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"Johnston," he said to the butler, when he was sure the footmen could not hear him, "has Mr. Eustace been here?"

"Yes, sir."

"Has he gone?"

"Yes, sir. He came to fetch his things, and then went away in a cab."

"Where to?"

"I don't know, sir. He told the man to drive to Birmingham." "Did he leave any message?"

"Yes, sir; he både me say that you should not be troubled with him again'; but that he was sorry that you had parted from him in anger."

"Why did you not give me that message before?"

"Because Mr. Eustace said I was not to give it unless you asked after him."

"Very good. Johnston!"

"Yes, sir."

"You will give orders that Mr. Eustace's name is not to be mentioned in this house again. Any servant mentioning Mr. Eustace's name will be dismissed'."

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"Very good, sir;" and Johnston went. Mr. Meeson gazed round him. He looked at the long array of glass and silver, at the spotless napery and costly flowers. He looked at the walls hung with works of art, which, whatever else they might be, were at least expensive; at the mirrors and the soft wăxlights; at the marble mantelpieces and the bright warm fires (for it was November); at the rich wall paper, and the soft, deep-hued carpet; and reflected that they were all his. And then he sighed, and his coarse, heavy face sank in and grew sad.. Of what use was this last extremity of luxury 2 to him? He had nobody to leave it to, and, to speak the truth, it gave him but little pleasure. Such pleasure as he had in life was derived from making money, not from spending it.

1) This term, though strictly apply'ing to linen in general, is now confined to ta'ble-cloths and napkins or serviettes (pron. survyets'). The usual term is table-linen.

2) The highest degree' of luxury; greater luxury was not imăginable; comp. the extremity of bodily pain.

The only times when he was really happy were when he sat in his counting-house, directing the enterprises of his vast establishment, and adding sovereign by sovereign to his enôrmous accumulations. That had been his one joy for forty years, and it was still his joy. And then he fell to thinking of his nephew, the only son of his brother whom he had once loved, before he lost himself in publishing books and making money, and sighed again. He had been attached to the lad in his own coarse way, and it was a blōw to him to cut himself loose from him. But Eustace had defied' him, and-whatwas worse he had told him the truth, which he, of all men, could not beâr. He had said that his system of trade was dishonest, that he took more than his due, and it was so. He knew it; but he could not tolerate that it should be told him, and that his whole life should thereby be discredited', and even his accumulated gold tarnishedstamped as ill-gotten; least of all could he bear it from his dependant. He was not altogether a bad man; nobody is: he was only a coarse, vulgar tradesman, hardened and defiled' by a long career' of sharp dealing 2. At the bottom he had his feelings like other men, but he could not tolerate exposure or even contradiction; therefore, he had revenged' himself. And yet as he sat there, in solitary glôry, he re'alised that to revenge' does not bring happiness, and could even find it in his heart to envy the steadfast honesty that had defied' · him at the cost of its own ru'in.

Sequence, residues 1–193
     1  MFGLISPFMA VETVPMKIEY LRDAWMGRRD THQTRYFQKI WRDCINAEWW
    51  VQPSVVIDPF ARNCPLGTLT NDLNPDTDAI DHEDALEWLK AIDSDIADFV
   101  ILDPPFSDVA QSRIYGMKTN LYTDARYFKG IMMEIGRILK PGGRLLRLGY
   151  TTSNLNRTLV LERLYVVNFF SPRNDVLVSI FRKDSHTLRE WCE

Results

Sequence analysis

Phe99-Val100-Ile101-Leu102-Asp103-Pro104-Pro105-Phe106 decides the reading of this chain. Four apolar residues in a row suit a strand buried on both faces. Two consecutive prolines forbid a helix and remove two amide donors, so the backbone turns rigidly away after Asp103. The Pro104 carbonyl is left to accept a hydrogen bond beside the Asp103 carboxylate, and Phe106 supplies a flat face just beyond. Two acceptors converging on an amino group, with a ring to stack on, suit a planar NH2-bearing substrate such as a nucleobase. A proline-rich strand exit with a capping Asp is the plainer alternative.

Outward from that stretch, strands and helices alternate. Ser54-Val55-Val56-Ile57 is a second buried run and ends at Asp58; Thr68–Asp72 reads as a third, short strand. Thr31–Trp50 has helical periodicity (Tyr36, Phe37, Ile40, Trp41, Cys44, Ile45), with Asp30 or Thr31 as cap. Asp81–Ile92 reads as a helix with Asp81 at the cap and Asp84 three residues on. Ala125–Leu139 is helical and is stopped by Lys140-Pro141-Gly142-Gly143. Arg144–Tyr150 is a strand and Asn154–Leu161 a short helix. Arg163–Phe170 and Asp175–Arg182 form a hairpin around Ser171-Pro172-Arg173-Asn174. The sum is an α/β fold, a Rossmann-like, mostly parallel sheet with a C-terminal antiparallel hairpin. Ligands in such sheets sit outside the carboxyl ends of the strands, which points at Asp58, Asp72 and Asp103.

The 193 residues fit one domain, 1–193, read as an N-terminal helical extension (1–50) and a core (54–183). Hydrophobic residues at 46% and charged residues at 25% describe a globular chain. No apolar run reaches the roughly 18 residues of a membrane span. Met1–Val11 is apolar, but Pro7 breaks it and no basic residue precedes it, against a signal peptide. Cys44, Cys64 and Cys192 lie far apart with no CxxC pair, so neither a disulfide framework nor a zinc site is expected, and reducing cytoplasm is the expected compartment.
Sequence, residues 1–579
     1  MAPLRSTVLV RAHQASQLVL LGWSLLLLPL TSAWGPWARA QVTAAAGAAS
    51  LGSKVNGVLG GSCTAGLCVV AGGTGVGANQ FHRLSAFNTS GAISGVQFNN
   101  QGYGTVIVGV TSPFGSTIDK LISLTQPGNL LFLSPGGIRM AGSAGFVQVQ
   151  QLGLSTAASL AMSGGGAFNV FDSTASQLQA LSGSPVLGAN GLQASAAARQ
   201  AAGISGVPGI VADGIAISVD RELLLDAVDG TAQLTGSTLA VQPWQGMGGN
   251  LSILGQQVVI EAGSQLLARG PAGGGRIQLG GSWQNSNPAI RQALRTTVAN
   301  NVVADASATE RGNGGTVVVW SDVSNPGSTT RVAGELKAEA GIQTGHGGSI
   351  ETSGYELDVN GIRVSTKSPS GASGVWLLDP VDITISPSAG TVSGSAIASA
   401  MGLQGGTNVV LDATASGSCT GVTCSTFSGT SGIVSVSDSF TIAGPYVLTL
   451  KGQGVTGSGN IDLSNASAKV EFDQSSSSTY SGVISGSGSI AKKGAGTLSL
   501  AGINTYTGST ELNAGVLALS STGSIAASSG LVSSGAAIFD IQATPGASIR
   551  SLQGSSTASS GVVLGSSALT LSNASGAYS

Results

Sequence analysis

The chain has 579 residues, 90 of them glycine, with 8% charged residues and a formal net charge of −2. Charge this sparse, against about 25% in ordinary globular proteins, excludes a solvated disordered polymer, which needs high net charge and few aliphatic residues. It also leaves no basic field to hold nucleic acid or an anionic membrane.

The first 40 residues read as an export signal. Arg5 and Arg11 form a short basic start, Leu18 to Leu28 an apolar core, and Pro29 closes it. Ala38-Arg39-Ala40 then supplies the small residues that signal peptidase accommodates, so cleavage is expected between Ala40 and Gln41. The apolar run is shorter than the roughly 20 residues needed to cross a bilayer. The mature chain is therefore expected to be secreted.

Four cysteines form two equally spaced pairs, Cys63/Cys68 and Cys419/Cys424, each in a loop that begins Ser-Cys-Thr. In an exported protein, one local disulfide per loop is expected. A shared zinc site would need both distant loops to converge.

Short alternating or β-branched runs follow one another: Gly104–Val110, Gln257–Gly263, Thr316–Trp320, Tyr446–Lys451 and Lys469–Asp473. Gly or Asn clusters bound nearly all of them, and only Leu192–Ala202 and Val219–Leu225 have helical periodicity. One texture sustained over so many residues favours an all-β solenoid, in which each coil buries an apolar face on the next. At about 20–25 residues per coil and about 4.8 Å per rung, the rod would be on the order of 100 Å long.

Not that he meant to relent' or alter his determina'tion. Mr. Meeson never relented, and never changed his mind; had he done so he would not at that moment have been the master of two millions of money.

1) M. could not bear to hear dishonour cast upon himself nor upon his wealth and the way in which he had acquired it.

2) See p. 20, note 4.

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CHAPTER III.

AUGUSTA'S LITTLE SISTER.

WHEN Augusta left Meeson's she was in a very sad condition of mind, to explain' which it will be necessary to say a word or two about that accomplished young lady's previous history. Her father had been a clergyman, and, like most clergymen, not o'verburdened with the good things of this world. When Mr. Smithers-or, rather, the Rev. 1 James Smithers-died he left behind him a widow and two children-Augusta, aged fourteen', and Jeannie, aged four. There had been two others, bōth boys, who had come into the world between Augusta and Jeannie, but they had both preceded their father to the land of shadows. Mrs. Smithers had, fortunately for herself, a life interest 2 in a sum of £ 7000, which, being well invest'ed, brought her in £ 350 a year; and, in order to turn this little income to the best possible account and give her two girls all educational opportunities possible under the circumstances, on her husband's death she moved from the village where he had for many years been curate 4, into the city of Birmingham. Here she lived in absolute

1) Rev., short for Reverend, is a title placed before the name of a clergyman.

2) She enjoyed the in'terest of that căpital personally as long as she lived, but it could not be inherited by her children (Dutch: zij had het vruchtgebruik er van).

3) She wished to derive' the greatest possible profit from it, by living as economically as she could.